- Let it cool slightly in the pan, then invert it on a baking sheet and let cool completely before adding the glaze.
For the chocolate glaze:
- On a bain-marie melt the 100 grams of butter, then add 4 tablespoons of cocoa powder, 4 tablespoons of sugar, and 4 tablespoons of water. Stir until the sugar melts and the mixture thickens and gets glossy. Turn off the heat and let cool slightly.
- Then, cover your cake with the chocolate glaze. It will spread and fall to the sides without having to use any tool.
TIP: You could have the cake on a rack over a baking sheet when you pour the chocolate glaze so the excess chocolate will sit on the sheet. After it is completely set, gently transfer the cake to a flat surface to cut it.
Squares or diamonds?
At this point, after the chocolate glaze has set, trim the outer edges of the cake in order to have a cleaner cut. Lastly, you can call it a day, or you can begin the slicing process. Here's come the decision making: you can slice it in squares, well, actually, rectangles, or you could bring out your inner artist and cut the cake in a diamond shape pattern. It's Christmas time after all. As for me, I called my husband, who, a ruler in hand, scored, and then cut the diamond slices.
How to make the diamonds
- Firstly, measure on the short sides of the cake 1 ¼ inches which will give you 5 long pieces. Remember, just score the top for now.
- Then, starting from the bottom left corner make a diagonal line (roughly 45 degrees). From that line, measure perpendicular 1 ¼ inches and that will give you your second angled line.
- Repeat this process until you get to the top right corner, which gives you 8 diagonal lines.
- Using a sharp knife, first cut the 4 vertical lines followed by cutting the diagonal lines.
A layer cake
Surely, it is not like your average layer cake, where the cake is cut after baking or is baked in batches and then stacked, filled, and assembled. Here, the layers are assembled before baking with the filling. Layers of pastry slathered with a delicious apricot preserve, usually homemade, topped with a sugar-walnut mixture, and lastly topped with a delicate chocolate glaze. As a matter of fact, the secret of the deliciousness of the Gerbeaud cake lies in the perfect triad of chocolate, apricot, and walnut. This cake is complex and rich but not overly sweet, moist and crisp at the same time. Our friend Graham's homemade apricot jam adds a luscious tangy flavorful moistness while the walnuts give us some lovely texture and crunch. The chocolate gives a nice decadence, not over the top, which balances out everything beautifully.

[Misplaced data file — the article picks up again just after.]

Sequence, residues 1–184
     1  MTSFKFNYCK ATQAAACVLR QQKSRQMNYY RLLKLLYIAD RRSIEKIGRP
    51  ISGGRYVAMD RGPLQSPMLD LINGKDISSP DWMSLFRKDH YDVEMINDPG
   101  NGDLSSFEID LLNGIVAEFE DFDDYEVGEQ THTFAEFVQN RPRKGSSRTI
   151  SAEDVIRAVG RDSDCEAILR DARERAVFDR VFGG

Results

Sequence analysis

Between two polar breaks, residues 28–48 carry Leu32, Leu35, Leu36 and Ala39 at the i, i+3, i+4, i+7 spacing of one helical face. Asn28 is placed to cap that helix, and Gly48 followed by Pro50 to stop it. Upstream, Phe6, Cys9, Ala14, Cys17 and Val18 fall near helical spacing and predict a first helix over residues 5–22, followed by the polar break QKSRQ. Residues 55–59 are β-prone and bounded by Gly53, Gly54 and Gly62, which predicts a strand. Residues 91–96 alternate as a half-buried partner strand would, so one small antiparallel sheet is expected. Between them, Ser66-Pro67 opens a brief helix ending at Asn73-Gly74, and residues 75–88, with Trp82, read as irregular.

How to make a star-shaped presentation
Starting from the center, piece together 7 of the diamond pieces. Then, keep working your way out aligning the diamond shapes with an additional 14 pieces. This completes the star. A couple of the pieces may not be fully shaped diamonds and you may have some with finger marks (try not to touch the top, as we did!), however, this does not take away from the beauty and deliciousness of the cake.
In the end, if you have made it here, you deserve a huge pat on the back. Well done!
Check out all the wonderful Hungarian dishes prepared by fellow Eat the World members and share with #eattheworld. Click here to find out how to join and have fun exploring a country a month in the kitchen with us!
Sneha’s Recipe: Hungarian Beef Goulash
Magical Ingredients: Langos - Hungarian Potato Fry Bread
Sugarlovespices (us!): Hungarian Gerbeaud Cake
Culinary Adventures with Camilla: Lamb Soup With Sour Cream (Palócleves)
Making Miracles: Beef Goulash
A Day in the Life on the Farm: Hungarian Short Ribs
Pandemonium Noshery: Rakott Krumpli - Hungarian Potato Casserole
Kitchen Frau: Túrós Csusza (Pasta with Cottage Cheese)
CulturEatz: Borleves | A Hungarian Christmas Wine Soup
Amy’s Cooking Adventures: Hungarian Braised Short Ribs
Chocolate and apricot is also the wonderful combination of another stunning European cake, the Sacher Torte, which again, gives the name to a famous café, the Café Sacher, in Vienna, Austria. Some of you, like me, were probably lucky enough to have tasted the original there. What a treat!
Chocolate and apricot jam is indeed a combination I love. See this delicious Pull-apart Brioche Bread with Apricot Jam and Chocolate.
Also, if you liked this cake, we have another sweet taste of Hungary, Brioches with Cottage Cheese and Raisins.